Luckily since traffic was moving so slowly, we were able to get close without getting out of the car. Further up the road on the next bend was another backup. This time it was a grizzly bear! This one though was way at the bottom of a large hill and it was so far away. This little brown blob had caused an even bigger fuss than the black bear. This was probably since there were two large overlooks with lots of parking. I have found that attractions along the side of the road attracts crowds in waves. I’ve also noticed that there’s a heard mentality at play here. You might find something interesting on the side of the road and stop and suddenly there’s like 5 other cars stopped to look at the same thing.
Back to the falls. The first we hit was the upper which is along this one-way scenic drive along the canyon. The overlook is quite small and is on the west end of the canyon. After a quick few pictures, we made our way through the scenic drive back to the highway and the lower falls.
Upper Falls View
Approaching the lower falls, we came across a large bull elk just resting in the shade behind a row of trees. There were only a few cars that had stopped. But a large four-legged animal requires a stop, so we dis. Before long, flocks of people were showing up. It’s like magic I tell you!
The lower falls lookout, just down the street, had a large parking lot and many tourists. There was even a large tour bus full of Chinese people. This seemed to be the most popular destination of the day. The lower falls has a nicer wider view of the falls. It has a nice overlook and vantage point from a couple of different angles. From the lookout, you can see several other lookouts including the upper and one right above the falls. I didn’t notice the one right above the falls till I zoomed in and noticed some tiny looking people standing over it.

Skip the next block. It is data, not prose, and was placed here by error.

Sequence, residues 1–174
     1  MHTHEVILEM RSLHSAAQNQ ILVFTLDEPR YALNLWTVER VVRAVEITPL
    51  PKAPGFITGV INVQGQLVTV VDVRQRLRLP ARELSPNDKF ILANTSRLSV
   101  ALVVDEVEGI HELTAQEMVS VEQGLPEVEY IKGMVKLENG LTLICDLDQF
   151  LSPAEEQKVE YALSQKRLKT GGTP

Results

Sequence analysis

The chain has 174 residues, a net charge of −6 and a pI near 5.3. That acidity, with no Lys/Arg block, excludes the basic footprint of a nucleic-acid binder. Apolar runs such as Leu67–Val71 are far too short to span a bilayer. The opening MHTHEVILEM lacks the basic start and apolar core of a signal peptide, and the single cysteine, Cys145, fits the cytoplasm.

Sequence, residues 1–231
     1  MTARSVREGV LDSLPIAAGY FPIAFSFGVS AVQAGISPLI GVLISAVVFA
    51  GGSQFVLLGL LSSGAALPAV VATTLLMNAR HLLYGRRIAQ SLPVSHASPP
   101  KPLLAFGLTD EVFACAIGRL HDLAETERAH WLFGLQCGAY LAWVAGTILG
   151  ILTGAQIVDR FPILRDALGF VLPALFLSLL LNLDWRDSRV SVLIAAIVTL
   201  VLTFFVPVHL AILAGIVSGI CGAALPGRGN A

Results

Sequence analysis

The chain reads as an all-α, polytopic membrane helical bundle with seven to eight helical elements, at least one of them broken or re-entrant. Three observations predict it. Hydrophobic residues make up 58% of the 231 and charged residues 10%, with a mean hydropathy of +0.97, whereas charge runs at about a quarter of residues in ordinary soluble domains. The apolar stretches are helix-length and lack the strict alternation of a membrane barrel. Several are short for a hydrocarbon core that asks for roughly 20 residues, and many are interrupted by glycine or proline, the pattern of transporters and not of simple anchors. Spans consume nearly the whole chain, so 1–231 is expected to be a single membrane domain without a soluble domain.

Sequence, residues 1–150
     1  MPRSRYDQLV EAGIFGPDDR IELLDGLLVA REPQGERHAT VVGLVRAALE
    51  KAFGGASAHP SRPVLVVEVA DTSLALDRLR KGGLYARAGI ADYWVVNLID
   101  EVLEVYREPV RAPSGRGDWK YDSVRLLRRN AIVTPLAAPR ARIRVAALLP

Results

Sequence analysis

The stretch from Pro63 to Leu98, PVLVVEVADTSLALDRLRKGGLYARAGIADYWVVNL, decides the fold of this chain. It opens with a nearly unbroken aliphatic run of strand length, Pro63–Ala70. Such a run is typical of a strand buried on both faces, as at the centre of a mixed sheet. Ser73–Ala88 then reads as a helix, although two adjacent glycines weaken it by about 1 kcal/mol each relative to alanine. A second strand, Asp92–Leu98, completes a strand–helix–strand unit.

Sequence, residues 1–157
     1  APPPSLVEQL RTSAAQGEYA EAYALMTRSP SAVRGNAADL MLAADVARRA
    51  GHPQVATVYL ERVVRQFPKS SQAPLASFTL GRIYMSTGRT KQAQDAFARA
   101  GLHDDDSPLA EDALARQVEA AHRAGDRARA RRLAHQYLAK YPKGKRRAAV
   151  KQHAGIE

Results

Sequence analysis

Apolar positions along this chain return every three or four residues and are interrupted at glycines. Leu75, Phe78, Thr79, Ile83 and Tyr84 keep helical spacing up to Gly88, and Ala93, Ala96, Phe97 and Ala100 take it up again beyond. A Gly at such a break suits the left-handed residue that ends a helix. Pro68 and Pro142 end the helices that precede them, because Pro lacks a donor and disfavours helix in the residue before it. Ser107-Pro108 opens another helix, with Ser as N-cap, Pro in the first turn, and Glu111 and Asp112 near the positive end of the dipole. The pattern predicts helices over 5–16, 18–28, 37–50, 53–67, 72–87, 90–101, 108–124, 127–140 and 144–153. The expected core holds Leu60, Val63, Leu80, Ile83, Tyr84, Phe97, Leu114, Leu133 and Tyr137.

Lower Falls View
As we were leaving, we passed by the Elk who was still on the side of the road. This time there was only a couple cars, and example of the the magic wave of people concept at work. I did stop a the Yellowstone River on the way out, it made for some nice pictures of rushing water. No surprise others slowed down and wanted pictures as well.
On the way back, we didn’t make any stops. It was already quite late and we didn’t get back to Jackson and dinner till about 9:45ish, just in time to have dinner before everything closed. Time really flies in Wyoming. You go about enjoying your day and it’s 2 or 3 in the afternoon and you check the clock later and it’s like 5 or 6, and just like that, your day is nearly done, especially if you’re up in Yellowstone and have to drive 2 hours back!
For dinner, we stopped at an Italian restaurant called Calico’s Italian Grill and Bar. I ordered the Chicken Parmesan since I was really hungry. We also ordered garlic bread but since also ended up eating all the other bread the gave us. Who knew driving around could make you so hungry? The pasta was really tasty. The sauce had a bunch of tangy chunky tomatoes and the chicken was very tender.
And I think that’s it for day 3!